Do you set annual goals for your business? Update them quarterly? What about seizing opportunity in the moment? Most owner-operators develop a cadence for goal setting. As an entrepreneur turned investor I operated under a continuous flow approach. If they goals needed to change, they changed. Unfortunately, this approach only works in very small teams who can stay in harmony. Eventually, revenue outpaces talent.
A well-assembled team will stomp out a channel in the earth and create preferential revenue flow into your operation. If well-coordinated the operating team (some of which may toggle between sales and ops) will produce outcomes that delight customers. The inbound flow will ultimately overwhelm the handful of operating experts. A formal gate must be built to stabilize the flow. Thus, enters the backlog.
The backlog is a strategic decision to slow revenue growth to pace with talent. When revenue outpaces talent the quality of work degrades. Two solutions are available. First, a schedule is built so operating talent can focus. With focus they gain and then express mastery without interruption. Machines, systems, resources and personnel increase throughput. Second, recruiting, training, development and construction occur. An internal limitation is chosen. Ideally, this is an expensive and rare machine or proprietary process involving several people, coordinated in a special way. This final step reduces talent demand, extending opportunity for the collective to add new team members with less skill.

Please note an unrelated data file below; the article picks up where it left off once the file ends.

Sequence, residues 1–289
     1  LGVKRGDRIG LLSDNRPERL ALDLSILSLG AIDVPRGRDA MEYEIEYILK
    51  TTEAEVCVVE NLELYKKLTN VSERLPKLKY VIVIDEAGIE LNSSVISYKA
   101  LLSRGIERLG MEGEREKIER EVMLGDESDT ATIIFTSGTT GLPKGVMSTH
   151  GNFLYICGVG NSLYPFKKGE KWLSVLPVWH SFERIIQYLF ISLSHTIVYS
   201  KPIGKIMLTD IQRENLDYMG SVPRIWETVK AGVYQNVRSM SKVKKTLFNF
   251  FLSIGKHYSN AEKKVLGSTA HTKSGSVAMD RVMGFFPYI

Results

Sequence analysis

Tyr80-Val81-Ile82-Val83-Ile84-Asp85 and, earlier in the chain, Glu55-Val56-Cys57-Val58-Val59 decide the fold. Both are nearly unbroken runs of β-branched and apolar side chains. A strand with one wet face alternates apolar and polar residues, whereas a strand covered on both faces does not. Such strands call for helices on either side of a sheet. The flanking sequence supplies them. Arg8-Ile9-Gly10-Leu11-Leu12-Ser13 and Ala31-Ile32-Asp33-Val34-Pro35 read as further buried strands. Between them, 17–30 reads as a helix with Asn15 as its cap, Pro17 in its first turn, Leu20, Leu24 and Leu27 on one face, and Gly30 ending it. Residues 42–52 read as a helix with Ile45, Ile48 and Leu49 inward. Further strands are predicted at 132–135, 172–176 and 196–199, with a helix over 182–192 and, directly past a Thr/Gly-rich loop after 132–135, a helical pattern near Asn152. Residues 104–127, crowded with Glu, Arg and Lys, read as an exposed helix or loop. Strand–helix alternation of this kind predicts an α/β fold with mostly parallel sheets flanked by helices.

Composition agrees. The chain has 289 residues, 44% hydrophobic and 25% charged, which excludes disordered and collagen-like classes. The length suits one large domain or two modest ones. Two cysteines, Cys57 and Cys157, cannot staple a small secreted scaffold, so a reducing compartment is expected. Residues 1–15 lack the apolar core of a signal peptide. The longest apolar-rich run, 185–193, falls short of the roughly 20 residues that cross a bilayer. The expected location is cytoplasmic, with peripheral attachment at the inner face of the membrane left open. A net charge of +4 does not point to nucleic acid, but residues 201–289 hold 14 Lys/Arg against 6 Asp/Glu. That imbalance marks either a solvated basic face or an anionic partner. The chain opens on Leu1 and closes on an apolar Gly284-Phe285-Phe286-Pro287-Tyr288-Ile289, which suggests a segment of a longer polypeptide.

Sales is overstaffed at this point. Someone among the group must move to customer support. They act as a line of defense, preventing interruption of operating processes. If no-one among this team will switch to support, someone new must be hired. Sales and operations must bifurcate. The bridge between must be formalized. Rules and policies must be enforced. This will be difficult. Good opportunities must be denied. Some turn over will ensue.
When revenue outpaces talent, the talent must increase while the revenue flow is held or reduced –temporarily–after which point the climb must become steady, yet more significant than competitors. This rate of change must be chosen and mapped by leadership. And talent acquisition must be economically viable from within the environment. The CEO must communicate the vision clearly, secure cash and attract people. The new people are how and where the rate of change is garnered. They are systematically trained on the processes. Their individual talents and growth are stacked upon each other’s talents. The ownership of the company takes a cut of this growth, and shares the benefit with the fastest changing personnel, usually in form of bonuses for exceeding highly detailed, minimum requirements.
The march is steadied. Those who outpace the group are promoted or ejected. Tolerances narrow. When revenue outpaces talent, the talent changes. The market demands it. If leadership falters during this situation they are displaced.